2. Click Security Settings < Encrypt Message Contents and Attachments. Check the box.

How to Encrypt Email on iOS devices

iOS devices have inbuilt S/MIME support.

  1. Access advanced settings and activate S/MIME.
  2. Change “Encrypt by Default” to Yes.
  3. Compose your message and turn on the lock icon (near the recipient) to encrypt the email.

Email Providers that Need Extra Setup for Encrypting Emails

Email providers that don’t have inbuilt S/MIME or PGP/MIME protocol compatibility need a third-party tool, and sometimes extra set-up, for encrypting emails. Such providers include Yahoo, Android and AOL. 

How to Encrypt Email on Your Phone or iPad

  1. Open your iPhone or iPad’s Settings
  2. Select Accounts and Passwords. Choose your email account (e.g., Gmail).
  3. Choose Advanced options < S/MIME
  4. Activate the S/MIME switch
  5. Select and activate the Sign option.
  6. Return to Advanced Menu < Encrypt by Default. Activate that button.
  7. Compose your email. You’ll get a blue unlocked lock icon in the recipient field. Tap it to lock it. This will encrypt your email.

 Other Email Encryption Services

While email providers give you inbuilt security measures, each provider comes with its encryption glitches, with their primary focus being to deliver your emails rather than guarantee your email privacy.

That’s where you have email encryption utilities that dedicate themselves to keeping snoops out of your messages. Some of these providers are free, others have tiered services. As of 2021, we can safely say the best-rated email encryption services are Prevail, ProtonMail, Virtru, PrivateMail and StartMail.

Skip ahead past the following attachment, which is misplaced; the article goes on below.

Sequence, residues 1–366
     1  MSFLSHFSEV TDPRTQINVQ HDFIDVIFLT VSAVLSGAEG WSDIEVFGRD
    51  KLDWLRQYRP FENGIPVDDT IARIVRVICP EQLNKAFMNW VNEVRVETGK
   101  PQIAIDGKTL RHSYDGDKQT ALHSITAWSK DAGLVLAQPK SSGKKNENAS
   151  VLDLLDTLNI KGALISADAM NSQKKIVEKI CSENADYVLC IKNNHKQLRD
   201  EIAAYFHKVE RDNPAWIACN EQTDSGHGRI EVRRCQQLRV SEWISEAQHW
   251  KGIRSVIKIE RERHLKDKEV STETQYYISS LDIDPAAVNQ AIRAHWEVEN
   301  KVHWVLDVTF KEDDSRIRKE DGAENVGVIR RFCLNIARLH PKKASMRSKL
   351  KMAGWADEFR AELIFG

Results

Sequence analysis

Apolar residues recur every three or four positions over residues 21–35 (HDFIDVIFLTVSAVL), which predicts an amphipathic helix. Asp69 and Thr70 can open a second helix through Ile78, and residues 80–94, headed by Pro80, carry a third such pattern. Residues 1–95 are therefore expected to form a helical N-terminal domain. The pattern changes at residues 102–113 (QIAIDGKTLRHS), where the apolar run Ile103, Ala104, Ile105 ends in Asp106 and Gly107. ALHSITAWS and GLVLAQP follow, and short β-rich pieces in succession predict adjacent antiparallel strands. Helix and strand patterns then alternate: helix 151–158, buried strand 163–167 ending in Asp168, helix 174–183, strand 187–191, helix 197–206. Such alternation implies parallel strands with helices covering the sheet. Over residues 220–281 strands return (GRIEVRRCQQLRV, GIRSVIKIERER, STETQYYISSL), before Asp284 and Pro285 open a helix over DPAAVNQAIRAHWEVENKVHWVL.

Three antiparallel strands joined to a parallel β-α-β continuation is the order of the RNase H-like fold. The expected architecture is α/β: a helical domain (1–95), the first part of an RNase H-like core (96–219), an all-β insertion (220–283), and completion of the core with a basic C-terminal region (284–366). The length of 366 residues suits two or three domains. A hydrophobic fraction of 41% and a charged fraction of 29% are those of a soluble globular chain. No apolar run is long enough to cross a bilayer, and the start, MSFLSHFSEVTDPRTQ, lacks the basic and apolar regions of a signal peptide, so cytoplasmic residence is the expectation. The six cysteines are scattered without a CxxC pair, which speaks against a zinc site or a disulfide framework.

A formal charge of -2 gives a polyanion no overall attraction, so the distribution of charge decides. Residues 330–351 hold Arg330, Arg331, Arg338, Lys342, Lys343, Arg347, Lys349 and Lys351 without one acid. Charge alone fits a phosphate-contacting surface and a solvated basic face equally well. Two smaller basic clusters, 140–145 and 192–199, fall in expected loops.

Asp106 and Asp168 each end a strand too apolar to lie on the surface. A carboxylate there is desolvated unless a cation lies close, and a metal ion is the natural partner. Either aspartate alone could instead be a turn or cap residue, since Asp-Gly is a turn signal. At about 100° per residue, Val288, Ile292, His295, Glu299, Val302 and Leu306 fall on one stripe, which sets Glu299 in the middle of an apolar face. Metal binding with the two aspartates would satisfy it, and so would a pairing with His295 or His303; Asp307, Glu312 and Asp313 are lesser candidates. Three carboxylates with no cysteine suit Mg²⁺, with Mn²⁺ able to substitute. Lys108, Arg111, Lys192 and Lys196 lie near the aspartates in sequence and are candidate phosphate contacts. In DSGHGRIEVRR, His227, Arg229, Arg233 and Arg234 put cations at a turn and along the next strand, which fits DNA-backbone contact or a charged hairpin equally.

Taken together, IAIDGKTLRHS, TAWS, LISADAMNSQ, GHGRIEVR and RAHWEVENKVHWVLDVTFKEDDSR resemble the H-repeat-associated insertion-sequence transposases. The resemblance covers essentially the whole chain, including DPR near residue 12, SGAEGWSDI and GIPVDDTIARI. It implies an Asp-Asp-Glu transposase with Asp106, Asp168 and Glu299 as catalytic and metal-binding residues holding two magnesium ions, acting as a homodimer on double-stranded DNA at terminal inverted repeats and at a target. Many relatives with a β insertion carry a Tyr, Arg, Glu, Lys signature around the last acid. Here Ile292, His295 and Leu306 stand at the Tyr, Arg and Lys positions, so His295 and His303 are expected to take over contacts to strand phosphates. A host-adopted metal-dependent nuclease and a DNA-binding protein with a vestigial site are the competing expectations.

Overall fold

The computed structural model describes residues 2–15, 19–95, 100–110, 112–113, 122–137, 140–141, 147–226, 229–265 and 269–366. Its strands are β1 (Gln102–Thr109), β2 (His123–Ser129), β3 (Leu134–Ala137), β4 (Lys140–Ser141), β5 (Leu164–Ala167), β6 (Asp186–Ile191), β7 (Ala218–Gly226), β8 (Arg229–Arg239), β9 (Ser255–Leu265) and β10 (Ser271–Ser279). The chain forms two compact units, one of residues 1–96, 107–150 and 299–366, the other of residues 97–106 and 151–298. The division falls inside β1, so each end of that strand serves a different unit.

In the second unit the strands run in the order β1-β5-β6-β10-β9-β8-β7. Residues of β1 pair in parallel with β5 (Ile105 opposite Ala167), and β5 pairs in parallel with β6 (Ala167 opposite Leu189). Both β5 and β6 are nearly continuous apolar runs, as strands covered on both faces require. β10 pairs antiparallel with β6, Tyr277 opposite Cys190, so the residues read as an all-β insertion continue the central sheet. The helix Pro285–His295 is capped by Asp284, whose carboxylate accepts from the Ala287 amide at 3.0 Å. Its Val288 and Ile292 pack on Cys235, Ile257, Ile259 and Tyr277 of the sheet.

For one time encryption, you may want to try SafeMess or InfoEncrypt where you paste in the message you want to encrypt and give the recipient a secret password where they can decrypt it online. On SafeMess, the message expires after a pre-programmed period of time.


Want the world to read your email? No? Then you should encrypt them to protect your privacy. That’s where mathematically-based protocols spin your readable emails into unreadable form.  To ensure that your emails are really secure, turn to the free or premium email encryption services.

Please remember subjects lines don’t get encrypted and are a clear giveaway. If you want to protect your emails,  you may want to consider innocuous subject lines.